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Burst the Bubble, Please

September 24, 2014

Thank God for James Comey. The FBI director was in Albany yesterday and said two important things. First, he said that corruption is NOT more prevalent in New York than other states.  And second, he said the real concern and priority of his office is fighting terrorism.

The operative quote here was this: “I don’t want to burst Albany’s bubble in any way, but there are lots of state capitals in this country where we’re doing lots of public corruption work. So it (the level of corruption in New York) doesn’t stand out in my mind.”

There’s no greater authority than this man on both matters. He’s not spinning. He’s not posturing. He’s not engaged in self-promotion. He’s not preparing to run for office in New York. He’s not angling for anything.

The body politic and the media in New York need to internalize what he’s saying.

This narrative that New York State government is plagued by scandal is wrong. Yes, some elected officials have run afoul of the law. But when you carve out offenses that are personal failings – like sexual misconduct, DWI and income tax fraud – we simply don’t have a lot of cases of real political corruption, which is graft, embezzlement, misuse of funds, election fraud and other related offenses. Yes, these crimes do occur, but not in crisis proportions in Albany. Yes, any and all misconduct should be decried, but not to the point where it becomes an obsession.

Of course, some people won’t accept this. No matter what Mr. Comey or anyone else says, they will insist that corruption is out of control. One reason they do this is because they believe that a crisis is the only catalyst for reform.  We happen to support the reforms that are being sought, but we can’t abide the use of a false narrative to achieve a positive goal.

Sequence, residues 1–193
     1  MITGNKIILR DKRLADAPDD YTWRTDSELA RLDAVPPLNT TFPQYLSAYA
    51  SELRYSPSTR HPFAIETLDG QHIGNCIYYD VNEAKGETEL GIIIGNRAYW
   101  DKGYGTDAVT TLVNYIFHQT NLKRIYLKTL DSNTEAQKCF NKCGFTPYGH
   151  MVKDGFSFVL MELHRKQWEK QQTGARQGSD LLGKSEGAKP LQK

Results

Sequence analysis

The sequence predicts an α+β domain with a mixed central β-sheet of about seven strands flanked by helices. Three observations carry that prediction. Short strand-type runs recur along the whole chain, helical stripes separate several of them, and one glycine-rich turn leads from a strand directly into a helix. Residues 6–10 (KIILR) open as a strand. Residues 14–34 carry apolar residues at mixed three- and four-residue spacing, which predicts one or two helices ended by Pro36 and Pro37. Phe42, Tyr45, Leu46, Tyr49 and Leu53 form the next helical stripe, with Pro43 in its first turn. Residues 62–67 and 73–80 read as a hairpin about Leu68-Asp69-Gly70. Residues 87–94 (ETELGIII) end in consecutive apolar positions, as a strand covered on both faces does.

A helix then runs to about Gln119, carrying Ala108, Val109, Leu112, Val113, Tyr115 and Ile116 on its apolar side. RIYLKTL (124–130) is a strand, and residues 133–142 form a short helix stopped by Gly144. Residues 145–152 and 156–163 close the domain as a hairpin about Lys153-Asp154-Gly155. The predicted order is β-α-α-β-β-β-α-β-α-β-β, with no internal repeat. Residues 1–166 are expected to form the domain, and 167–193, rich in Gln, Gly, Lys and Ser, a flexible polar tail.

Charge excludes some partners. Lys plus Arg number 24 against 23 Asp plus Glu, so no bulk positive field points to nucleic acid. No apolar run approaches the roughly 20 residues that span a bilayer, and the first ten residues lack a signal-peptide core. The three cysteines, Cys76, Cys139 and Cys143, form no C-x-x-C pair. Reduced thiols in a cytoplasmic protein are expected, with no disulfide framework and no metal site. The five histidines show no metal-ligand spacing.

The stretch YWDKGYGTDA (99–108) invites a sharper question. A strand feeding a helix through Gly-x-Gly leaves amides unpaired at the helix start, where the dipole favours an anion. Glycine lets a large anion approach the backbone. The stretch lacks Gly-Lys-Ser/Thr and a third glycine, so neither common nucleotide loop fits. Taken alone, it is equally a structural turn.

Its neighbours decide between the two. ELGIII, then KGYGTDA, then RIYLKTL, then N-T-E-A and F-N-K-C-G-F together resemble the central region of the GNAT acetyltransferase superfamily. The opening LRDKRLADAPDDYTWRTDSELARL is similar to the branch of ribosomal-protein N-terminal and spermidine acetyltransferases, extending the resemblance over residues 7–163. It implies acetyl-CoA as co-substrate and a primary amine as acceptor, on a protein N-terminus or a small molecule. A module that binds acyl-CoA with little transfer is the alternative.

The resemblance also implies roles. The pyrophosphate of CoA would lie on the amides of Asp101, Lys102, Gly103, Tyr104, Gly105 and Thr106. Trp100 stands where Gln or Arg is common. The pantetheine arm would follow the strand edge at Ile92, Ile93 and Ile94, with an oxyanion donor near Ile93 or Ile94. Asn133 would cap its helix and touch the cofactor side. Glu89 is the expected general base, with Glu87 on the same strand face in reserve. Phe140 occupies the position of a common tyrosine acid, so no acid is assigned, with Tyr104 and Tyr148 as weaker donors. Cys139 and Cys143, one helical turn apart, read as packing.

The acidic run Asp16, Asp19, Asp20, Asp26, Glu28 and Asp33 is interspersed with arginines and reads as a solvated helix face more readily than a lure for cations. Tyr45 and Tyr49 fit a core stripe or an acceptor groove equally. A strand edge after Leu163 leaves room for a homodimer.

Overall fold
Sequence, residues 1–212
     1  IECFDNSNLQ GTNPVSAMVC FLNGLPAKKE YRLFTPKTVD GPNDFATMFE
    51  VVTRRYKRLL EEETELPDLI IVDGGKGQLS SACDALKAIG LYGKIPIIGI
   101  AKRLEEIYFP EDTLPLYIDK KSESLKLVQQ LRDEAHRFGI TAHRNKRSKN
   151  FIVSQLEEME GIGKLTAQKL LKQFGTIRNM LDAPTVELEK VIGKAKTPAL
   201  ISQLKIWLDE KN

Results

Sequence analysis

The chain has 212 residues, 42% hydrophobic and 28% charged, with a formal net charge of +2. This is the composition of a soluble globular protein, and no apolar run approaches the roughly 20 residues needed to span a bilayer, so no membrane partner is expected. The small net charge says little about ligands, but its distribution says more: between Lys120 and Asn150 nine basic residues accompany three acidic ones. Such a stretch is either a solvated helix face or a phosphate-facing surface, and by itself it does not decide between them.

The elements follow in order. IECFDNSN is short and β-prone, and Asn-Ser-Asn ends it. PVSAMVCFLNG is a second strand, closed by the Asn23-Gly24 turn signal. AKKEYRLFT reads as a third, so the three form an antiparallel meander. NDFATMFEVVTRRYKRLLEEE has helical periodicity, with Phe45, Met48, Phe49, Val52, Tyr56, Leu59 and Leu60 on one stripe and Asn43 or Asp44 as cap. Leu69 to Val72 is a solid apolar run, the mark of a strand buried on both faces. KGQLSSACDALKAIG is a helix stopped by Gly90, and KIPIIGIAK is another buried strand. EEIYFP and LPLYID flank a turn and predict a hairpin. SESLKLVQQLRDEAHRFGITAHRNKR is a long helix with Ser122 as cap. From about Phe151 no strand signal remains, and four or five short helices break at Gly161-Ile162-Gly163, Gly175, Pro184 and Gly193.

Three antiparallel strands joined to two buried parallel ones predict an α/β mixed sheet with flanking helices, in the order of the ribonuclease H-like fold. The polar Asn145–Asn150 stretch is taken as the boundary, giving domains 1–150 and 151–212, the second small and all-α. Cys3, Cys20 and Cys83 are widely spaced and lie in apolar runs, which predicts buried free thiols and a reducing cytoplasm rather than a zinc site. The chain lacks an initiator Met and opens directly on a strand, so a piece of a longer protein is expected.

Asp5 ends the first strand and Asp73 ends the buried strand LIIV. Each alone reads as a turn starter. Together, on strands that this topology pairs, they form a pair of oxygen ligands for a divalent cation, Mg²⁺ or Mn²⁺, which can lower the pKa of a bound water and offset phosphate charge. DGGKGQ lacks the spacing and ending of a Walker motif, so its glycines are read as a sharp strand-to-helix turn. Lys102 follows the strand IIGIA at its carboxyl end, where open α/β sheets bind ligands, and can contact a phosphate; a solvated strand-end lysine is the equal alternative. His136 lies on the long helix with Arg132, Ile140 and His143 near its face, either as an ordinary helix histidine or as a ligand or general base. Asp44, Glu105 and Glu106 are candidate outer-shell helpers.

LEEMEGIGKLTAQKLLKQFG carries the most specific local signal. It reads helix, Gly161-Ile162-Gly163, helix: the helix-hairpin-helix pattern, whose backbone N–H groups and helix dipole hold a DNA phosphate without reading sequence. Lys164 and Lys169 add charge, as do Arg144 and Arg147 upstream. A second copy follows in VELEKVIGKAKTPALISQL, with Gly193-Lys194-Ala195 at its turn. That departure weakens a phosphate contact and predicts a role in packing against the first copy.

Not that we’re purists here. We posture, too. Just not to the point of losing perspective and failing to confront the real priorities.

That’s what happened in Albany this year. Activists and the media went nuts over corruption. News organizations began to compete with one another to expose problems.  This culminated in the Moreland “scandal,” which was blown way out of proportion by PB and the Times.

We can hear grumbling now: “Oh, but Moreland raises all kinds of integrity questions. Serious questions that need to be addressed.”

Come on.  Nobody stole any money. Nobody covered up evidence of misconduct. Nobody tampered with witnesses. All of that is baloney.

Moreland was an ill-advised attempt to pressure lawmakers into passing a reform agenda. It was closed down when it got out of hand and lost its utility. That’s it. That’s all of it.

What happens when we all at last realize this? Well, maybe the hyperventilating over corruption will stop and maybe state government will begin to focus on priorities again.  That can’t happen too quickly for us.

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